Risk Management Tools & Resources

 


Close Encounters of the Diagnostic Kind: Improving Provider–Patient Communication During the Diagnostic Process

The model of the diagnostic team, proposed in the Institute of Medicine's (IOM's) pivotal report Improving Diagnosis in Health Care, relies strongly on close collaboration with patients/families as part of the diagnostic process. In its recommendation for implementing a team approach, the IOM notes "Health care professionals and organizations are responsible for creating environments in which patients and their families can learn about and engage in the diagnostic process and provide feedback about their experience."1

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Safety in Numbers: Improving Diagnosis Through Teamwork

In recent years, numerous groups and individuals — including advocacy groups, researchers, healthcare providers, and others — have raised awareness and increased understanding about diagnostic errors, drawing attention to the profound effect that these errors have on patients, families, and clinicians.

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Data Insight: Opioid Treatment — Liability Risks in the Office Setting

It is nearly impossible to read or watch the news without mention of the opioid crisis. From patient addiction to death from overdosing, opioid abuse can have tragic outcomes. Further, when these unfortunate events are related to medical care, they can result in malpractice allegations against healthcare providers and organizations.

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Tips for Presenting a Patient With a Pain Management Contract

Pain management contracting is one strategy that healthcare providers can employ to help manage the risks associated with treating patients who take opioids. A pain management contract is a type of behavior contract, which is an agreement between a patient and healthcare provider or organization that defines expectations related to behavior, conduct, communication, and/or treatment. Using a pain management contract can help set standards and expectations in relation to a patient's care, the provider–patient relationship, and appropriate use of opioid therapy.

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CASE STUDY: Patient Overdoses and Dies After Inappropriate Opioid Prescribing

The patient was a male in his late thirties with a history of significant orthopaedic injuries and a previous narcotic and heroin dependency. He presented to the emergency department (ED) at a rural critical access hospital with complaints of low back pain radiating down both legs. He was diagnosed with muscle spasms, treated with non-narcotics, and referred to a family medicine physician.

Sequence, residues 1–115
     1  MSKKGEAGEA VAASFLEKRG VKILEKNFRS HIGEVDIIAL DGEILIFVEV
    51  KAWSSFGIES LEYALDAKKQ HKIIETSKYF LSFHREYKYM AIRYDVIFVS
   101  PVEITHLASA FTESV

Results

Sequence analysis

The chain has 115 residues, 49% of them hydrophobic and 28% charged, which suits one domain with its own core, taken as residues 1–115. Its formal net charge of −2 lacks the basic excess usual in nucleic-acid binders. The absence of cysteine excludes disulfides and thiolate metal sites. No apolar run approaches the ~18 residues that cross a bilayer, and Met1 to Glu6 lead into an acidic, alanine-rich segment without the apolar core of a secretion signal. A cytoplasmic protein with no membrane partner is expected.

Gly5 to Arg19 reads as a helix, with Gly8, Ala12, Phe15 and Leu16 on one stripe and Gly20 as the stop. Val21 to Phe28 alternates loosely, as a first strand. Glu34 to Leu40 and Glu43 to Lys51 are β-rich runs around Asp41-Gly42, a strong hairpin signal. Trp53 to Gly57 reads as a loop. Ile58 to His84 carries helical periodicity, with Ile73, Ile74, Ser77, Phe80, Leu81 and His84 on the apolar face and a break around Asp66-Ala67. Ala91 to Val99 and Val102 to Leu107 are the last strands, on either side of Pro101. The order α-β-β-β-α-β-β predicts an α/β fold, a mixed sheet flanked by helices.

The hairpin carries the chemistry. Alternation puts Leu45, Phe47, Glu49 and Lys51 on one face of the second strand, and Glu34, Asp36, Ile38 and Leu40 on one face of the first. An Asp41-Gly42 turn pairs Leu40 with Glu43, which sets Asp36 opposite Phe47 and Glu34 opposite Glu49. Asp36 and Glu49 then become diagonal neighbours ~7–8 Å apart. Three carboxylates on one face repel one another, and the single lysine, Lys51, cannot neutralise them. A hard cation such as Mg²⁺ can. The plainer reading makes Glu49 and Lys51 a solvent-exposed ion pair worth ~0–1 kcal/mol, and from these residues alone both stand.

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10 Strategies Healthcare Organizations Can Employ to Address Bias in Pain Management

Bias in pain management is an ongoing and complex issue in healthcare. Research has shown disparities in pain management in relation to race, ethnicity, gender, and socioeconomic status. Complicating matters, many instances of bias are implicit, creating a need not only to address the bias, but also to raise awareness of its existence.

Recognizing and addressing bias are imperative. Failure to treat pain or poorly treated pain can interfere with how patients recover from illnesses and procedures, which can potentially cascade into numerous patient safety and financial consequences, such as increased morbidity, hospitalizations and readmissions, and liability exposure. Additionally, bias in pain treatment may lead to misdiagnosis, unnecessary patient suffering, lack of patient trust in healthcare providers, communication lapses, and failure to provide patient-centered care.1

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CASE STUDY: Hasty Prescribing of Pain Medication Leads to Patient Overdose

The patient was a male in his mid-forties who suffered from chronic pain of unknown etiology. He was a long-time patient of Dr. B, a MedPro-insured family practice physician. Dr. B referred the patient to an anesthesiologist, Dr. M, who subspecialized in pain management.* Dr. M started the patient on a fentanyl patch (25 mcg/hour), and then gradually increased the patient's dose to 100 mcg/hour.

After not being evaluated or treated by Dr. B for some time, the patient called the family physician's office and requested a refill for his fentanyl patch. He stated that he was leaving town and was unable to get in touch with Dr. M to secure the refill. Dr. B's medical assistant prepared the prescription, and Dr. B signed it.

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CASE STUDY: Insufficient Imaging and Poor Communication Complicate Tooth Extraction

The patient, a female who had limited English proficiency (LEP), saw Dr. B, an associate in a busy general dental practice, for extraction of tooth number 32. A dental assistant had taken a periapical X-ray that depicted most of the root but missed the last few millimeters of the apex. The tooth was partially impacted, accessible to the oral cavity, and possessed fused conical roots.

Because Dr. B had removed hundreds of teeth in similar circumstances, she was confident that she could extract the patient's tooth without difficulty. Further, she did not want to take more X-rays and expose the patient to additional radiation.

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